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How Active and Passive Solar Water Heaters Work


Green, Renewable Systems reduce utility bills and save money

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Solar water heater system with collectors




This article was updated on 09/01/18.
There are two basic types of solar water heater systems: active systems which are equipped with controls and circulating pumps, and passive systems that are not so equipped. One of the best times to think about installing this energy-efficient alternative is when doing a kitchen remodeling project or a general remodel project.

Are they eligible for a federal energy tax credit? Unfortunately, not at this time; only oil, gas, electric, and propane get the government nod.

Heating Water with Solar Energy Isn’t Overly Complex

What places these systems in the green building arena? Similar to residential solar panels, they use radiant energy from the sun, which is free and renewable!

The fundamental system is composed of 1 or 2 insulated storage tanks plus a solar collector. The collector’s job is to receive the energy. There are different types; here are some or the popular ones:

  • Flat-Plate Collectors. This type employs a dark colored absorber plate, glazed or non-glazed, which resides under a polymer or glass protective cover.

  • Integral Collector-Storage. This type is a collection of either black tubes or tanks sheathed in a glazed, insulated box. You may hear them called batch or ICS systems. The function of the integral collector-storage is to preheat cooler water.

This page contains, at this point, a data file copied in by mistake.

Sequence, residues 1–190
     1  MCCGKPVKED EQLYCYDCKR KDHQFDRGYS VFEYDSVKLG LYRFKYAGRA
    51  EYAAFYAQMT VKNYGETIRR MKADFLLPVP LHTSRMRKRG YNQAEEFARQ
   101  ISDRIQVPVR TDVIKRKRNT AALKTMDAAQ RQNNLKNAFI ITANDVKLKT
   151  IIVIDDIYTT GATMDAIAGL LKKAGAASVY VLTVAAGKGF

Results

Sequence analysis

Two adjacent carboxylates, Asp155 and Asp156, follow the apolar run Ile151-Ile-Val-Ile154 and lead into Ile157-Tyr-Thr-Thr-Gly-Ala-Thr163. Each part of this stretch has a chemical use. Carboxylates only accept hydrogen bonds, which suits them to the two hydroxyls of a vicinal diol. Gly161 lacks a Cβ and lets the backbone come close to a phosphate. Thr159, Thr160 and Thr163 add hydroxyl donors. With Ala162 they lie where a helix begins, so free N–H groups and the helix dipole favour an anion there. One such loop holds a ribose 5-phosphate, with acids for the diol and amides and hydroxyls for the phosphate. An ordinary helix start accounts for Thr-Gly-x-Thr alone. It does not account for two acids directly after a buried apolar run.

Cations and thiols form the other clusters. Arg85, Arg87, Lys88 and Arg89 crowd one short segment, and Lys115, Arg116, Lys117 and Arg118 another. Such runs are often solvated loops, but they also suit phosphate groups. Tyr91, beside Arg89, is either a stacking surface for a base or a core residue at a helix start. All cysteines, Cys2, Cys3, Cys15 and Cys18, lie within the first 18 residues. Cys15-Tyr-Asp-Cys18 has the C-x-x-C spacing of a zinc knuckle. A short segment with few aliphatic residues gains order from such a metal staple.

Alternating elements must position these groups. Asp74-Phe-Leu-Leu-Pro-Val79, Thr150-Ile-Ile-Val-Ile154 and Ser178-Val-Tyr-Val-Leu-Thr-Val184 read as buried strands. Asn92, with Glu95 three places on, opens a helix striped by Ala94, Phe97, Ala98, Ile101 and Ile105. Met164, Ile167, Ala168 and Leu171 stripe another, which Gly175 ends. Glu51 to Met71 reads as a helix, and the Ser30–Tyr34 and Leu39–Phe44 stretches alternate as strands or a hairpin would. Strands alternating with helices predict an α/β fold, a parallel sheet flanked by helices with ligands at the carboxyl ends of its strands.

This flows on to a conventional-type tank heater or to a more efficient natural gas or electric on-demand water heater.

  • Evacuated-Tube Solar Collectors. This collector takes advantage of parallel rows of clear glass tubes. More commonly encountered in larger commercial systems, they are also used in private homes as well.

    On the interior of each glass tube is a metal absorber tube equipped with a fin.

Passive Solar Water Heating Systems

Passive systems have some trade offs that active systems don’t. First, they’re less complex (they do not use electricity), they are more reliable because of that, and they have a longer life span. On the flip side, they’re not quite as efficient. Let’s look at the 2 models:

  • Integral Collector-Storage Passive models. That’s a mouthful but this type is most often encountered in a system using a tankless or instantaneous water heater, also called on-demand water heater.

  • Thermosyphon models. These are put together with a storage tank that has a collector placed at the bottom. The collector heats the water located at the base of the storage tank which then rises while the colder water sinks.

Active Solar Water Heating Systems

Active units are more costly and complex. As with their passive cousins, there are 2 basic models:

  • Direct Circulation Systems. This type is rather simpler because a heat-transfer fluid is not utilized. Instead, the water circulates through both the heat exchanger and the collector.

  • Indirect Circulation Systems. This type usually installed in areas that tend to undergo a hard freeze in the winter. They use a heat-transfer fluid analogous to car antifreeze.

    Circulation pumps are used to flow the fluid through the heat exchanger and collector. Next, the heated fluid flows through coils in the storage tank which in turn heats the water.

What About on Cloudy Days?

Solar water heating systems are nice but are hardly ever a 100% answer for delivering hot water. Instead, they’re a factor in the total equation. A backup utility like a tankless water heater is perfect for filling in and ensuring the simple pleasure of a hot shower or tub soaking.

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